Xu Longsen and the sense of touch
Frederick Project: Felt
Monday, April 6, 2020
Over the weekend, I set out some pictures from Xu Longsen’s Light of Heaven exhibition at the Art Institute of Chicago in 2018. The exhibition was installed throughout the museum’s rooms devoted to art from China and was in complex relationships with the other works. Xu Longsen works in series and groups, and from my photographs and the museum's documentation, I can’t tell which pieces had which names. All the works are from 2016-2017 and are in the collection of the artist, Beijing.
When I stumbled into it the first time, I was impressed by these tall columns made out of felt and then saturated with washes of ink. The columns conjured up the vertical mountainous ink scroll paintings I love from different eras of Chinese painting.
There was a row of these columns, and one much taller that reached up through the spiral staircase in that atrium space.
On another visit, I found the room of these large wall-size paintings. The five in the next photo were at one end, I believe, and there were two sets on the side walls as well, and a row of columns down the center of the room.
I went to the show several times, and made a lot of charcoal drawings from the room with the wall paintings in it. It was very satisfying to work in charcoal while looking at these. Here are some details from the large paintings in that very beautiful room.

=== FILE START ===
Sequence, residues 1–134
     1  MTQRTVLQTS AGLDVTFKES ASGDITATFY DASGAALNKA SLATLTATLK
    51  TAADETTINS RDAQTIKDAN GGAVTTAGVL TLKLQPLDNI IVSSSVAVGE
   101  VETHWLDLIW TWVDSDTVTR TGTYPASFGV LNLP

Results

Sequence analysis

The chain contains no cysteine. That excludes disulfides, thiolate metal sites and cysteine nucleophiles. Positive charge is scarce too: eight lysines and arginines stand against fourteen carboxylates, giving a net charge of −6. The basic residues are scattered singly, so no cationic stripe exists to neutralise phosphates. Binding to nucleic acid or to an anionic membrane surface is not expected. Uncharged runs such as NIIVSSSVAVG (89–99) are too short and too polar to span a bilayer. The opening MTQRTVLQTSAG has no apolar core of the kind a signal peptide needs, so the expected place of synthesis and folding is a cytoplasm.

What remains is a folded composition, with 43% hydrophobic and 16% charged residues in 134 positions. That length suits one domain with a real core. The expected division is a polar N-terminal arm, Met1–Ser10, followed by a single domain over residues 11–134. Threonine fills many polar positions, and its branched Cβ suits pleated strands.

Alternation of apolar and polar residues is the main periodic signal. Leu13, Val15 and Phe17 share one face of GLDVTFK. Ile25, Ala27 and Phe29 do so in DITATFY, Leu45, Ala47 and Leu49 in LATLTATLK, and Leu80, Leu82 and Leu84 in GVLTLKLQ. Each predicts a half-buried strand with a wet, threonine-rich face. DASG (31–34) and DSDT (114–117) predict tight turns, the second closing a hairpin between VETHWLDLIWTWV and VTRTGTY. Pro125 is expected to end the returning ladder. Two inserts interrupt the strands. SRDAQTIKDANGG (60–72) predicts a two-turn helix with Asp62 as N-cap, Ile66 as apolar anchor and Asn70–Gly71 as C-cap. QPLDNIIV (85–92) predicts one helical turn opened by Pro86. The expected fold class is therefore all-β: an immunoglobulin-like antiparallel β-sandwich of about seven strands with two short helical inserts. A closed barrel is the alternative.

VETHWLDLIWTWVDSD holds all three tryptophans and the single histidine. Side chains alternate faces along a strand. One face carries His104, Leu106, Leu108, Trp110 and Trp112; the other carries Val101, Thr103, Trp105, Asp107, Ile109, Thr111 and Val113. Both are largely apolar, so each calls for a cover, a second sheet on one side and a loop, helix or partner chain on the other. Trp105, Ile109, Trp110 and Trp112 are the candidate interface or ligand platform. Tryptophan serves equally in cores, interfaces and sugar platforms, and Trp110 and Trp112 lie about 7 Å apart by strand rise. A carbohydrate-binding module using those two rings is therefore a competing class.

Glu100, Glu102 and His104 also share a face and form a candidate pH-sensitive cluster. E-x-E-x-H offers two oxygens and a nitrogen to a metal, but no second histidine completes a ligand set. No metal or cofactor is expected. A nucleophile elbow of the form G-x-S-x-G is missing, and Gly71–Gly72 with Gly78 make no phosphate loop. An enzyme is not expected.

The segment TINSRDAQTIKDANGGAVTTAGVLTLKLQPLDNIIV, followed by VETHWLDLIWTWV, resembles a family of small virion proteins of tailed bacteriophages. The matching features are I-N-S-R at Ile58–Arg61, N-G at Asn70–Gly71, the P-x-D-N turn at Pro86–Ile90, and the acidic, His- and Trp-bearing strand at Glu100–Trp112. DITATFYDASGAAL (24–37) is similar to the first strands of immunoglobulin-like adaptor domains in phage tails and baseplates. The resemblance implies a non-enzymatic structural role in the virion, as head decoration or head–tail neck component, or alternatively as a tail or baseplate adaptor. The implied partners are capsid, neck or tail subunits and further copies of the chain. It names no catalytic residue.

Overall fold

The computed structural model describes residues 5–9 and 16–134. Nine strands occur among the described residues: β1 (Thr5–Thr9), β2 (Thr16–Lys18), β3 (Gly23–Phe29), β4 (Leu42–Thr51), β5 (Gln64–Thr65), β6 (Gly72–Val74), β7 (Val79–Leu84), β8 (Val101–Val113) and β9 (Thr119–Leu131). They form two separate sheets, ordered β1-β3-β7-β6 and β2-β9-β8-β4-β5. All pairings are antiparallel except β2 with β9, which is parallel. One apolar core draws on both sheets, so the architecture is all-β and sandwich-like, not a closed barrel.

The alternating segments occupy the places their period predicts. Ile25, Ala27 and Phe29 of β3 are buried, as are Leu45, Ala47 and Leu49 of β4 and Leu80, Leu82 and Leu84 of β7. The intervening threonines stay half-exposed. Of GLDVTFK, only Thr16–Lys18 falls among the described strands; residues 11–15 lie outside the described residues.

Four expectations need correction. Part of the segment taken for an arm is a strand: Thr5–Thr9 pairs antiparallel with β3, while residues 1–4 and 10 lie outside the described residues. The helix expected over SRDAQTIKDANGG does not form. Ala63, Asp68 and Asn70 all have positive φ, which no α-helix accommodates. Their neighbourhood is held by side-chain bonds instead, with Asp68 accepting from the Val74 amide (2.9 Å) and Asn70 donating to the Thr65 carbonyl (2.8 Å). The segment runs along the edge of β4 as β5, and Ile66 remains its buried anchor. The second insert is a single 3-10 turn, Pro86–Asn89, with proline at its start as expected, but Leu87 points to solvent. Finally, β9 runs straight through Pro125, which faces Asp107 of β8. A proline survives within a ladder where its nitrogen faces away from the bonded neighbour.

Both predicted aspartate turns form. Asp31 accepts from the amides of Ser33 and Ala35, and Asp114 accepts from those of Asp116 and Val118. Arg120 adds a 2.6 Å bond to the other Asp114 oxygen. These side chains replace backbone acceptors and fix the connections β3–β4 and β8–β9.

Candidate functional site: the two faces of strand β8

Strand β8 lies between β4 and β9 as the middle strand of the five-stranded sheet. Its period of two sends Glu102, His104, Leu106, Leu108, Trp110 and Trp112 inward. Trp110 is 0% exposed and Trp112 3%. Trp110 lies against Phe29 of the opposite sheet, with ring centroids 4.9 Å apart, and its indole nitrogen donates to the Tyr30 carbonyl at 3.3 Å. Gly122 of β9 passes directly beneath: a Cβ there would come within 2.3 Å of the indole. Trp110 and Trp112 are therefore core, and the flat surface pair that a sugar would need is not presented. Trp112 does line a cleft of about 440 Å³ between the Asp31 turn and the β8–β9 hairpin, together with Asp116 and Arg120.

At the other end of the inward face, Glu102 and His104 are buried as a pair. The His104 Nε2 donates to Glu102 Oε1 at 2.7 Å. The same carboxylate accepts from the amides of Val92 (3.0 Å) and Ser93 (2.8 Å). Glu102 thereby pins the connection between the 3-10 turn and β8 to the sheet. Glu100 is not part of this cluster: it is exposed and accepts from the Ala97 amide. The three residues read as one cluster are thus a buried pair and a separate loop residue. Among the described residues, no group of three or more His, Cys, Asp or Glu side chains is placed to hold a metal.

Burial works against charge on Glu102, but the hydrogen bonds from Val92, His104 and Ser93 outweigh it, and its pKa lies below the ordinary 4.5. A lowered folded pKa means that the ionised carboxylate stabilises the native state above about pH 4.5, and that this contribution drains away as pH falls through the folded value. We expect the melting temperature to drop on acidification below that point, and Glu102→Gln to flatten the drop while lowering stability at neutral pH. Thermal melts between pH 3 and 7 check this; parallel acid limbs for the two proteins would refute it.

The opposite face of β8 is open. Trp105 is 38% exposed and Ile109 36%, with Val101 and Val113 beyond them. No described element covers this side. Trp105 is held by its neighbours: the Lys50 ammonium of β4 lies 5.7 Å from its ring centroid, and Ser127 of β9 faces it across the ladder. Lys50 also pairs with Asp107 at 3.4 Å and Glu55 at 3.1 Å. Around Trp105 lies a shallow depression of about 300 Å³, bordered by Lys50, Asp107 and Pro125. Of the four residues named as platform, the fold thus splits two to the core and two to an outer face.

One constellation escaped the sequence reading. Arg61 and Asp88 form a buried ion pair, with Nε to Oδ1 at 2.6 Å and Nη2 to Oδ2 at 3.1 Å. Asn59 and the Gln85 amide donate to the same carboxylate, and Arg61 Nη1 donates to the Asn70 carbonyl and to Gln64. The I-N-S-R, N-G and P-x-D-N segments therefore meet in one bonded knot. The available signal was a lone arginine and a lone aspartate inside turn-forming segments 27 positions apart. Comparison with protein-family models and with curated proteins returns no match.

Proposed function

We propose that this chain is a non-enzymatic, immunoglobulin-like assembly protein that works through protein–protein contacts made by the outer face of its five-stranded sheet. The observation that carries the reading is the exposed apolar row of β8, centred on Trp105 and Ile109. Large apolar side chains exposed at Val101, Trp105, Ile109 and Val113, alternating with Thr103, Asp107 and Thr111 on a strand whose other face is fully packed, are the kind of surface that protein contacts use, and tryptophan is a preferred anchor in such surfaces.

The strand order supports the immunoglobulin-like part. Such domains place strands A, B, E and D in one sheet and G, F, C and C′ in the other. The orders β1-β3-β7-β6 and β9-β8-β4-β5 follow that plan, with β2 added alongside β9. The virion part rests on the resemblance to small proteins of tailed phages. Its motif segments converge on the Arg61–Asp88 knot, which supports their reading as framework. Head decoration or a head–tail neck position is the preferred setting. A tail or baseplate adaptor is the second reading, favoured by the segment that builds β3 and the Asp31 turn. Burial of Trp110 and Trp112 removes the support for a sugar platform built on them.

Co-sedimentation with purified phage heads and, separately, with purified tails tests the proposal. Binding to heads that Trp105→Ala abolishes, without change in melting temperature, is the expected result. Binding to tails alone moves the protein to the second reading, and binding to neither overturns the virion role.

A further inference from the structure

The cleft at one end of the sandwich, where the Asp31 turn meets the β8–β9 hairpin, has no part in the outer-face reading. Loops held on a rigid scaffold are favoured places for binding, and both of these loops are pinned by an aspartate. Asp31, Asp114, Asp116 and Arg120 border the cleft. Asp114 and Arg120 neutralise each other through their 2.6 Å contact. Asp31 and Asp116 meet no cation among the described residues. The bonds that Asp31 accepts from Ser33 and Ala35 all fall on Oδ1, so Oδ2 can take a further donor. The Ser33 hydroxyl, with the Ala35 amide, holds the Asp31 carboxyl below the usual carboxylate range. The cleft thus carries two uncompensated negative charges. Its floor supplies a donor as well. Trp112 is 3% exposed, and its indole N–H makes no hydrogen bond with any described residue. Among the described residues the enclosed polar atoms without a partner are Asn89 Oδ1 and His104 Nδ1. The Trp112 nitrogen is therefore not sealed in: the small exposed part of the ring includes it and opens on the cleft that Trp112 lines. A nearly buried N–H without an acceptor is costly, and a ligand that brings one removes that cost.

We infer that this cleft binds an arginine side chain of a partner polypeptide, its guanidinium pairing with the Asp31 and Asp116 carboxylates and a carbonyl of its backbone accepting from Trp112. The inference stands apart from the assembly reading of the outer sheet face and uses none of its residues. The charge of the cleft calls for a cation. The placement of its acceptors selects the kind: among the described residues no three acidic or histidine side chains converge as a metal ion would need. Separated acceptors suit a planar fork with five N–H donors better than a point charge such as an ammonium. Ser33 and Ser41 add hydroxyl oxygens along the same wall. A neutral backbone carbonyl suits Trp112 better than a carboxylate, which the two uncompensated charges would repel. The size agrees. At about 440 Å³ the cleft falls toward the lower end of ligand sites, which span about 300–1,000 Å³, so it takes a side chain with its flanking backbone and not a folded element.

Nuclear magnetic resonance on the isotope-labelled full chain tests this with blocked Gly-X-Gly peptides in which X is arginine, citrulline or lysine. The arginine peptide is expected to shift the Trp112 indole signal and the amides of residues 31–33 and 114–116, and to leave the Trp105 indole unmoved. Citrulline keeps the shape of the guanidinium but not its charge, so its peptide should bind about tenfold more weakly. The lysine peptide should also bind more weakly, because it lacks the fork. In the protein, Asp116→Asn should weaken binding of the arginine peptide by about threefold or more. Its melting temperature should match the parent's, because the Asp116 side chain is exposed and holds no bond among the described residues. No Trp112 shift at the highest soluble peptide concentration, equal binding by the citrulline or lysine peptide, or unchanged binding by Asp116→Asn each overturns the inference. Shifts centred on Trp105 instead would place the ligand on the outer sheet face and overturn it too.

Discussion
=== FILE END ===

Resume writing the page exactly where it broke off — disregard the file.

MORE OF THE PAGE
The texture is a very important part of the experience. In all the rooms with Xu Longsen's work there were many Do Not Touch signs everywhere, but I saw people touching the columns every time I visited. I think this is a part of understanding the significance of Xu Longsen’s work.
One day, in the room that usually has works from the permanent Japanese collection, and during the Light of Heaven also had one of the large Xu Longsen columns in it, I listened to a woman, probably seventy, a regular museumgoer, a lover of art, perhaps a bit self-important, telling a family who seemed to be from China about some things she noticed in the work. The family – a mother, a father, three children, two boys and a girl, and perhaps another man, a friend or an uncle – seemed very gracious. The woman and one of the sons explained to the museumgoer that the man in their family was the artist.
The museumgoer was surprised and pleased. She went on telling the family what she thought about art. After quite a long while, she let the artist and his family go back to the conversation they had been having about the installation.
The artist, Xu Longsen, was saying something to his family about the column in the center. I can’t remember now if he was just very near it, or if he actually reached up and brushed the surface of the column.
A guard said peremptorily, “don’t touch the art.” “He’s the artist,” his son said, as did a few others of us in the gallery who had overheard.
The guard said, levelly, “no one is allowed to touch the art.”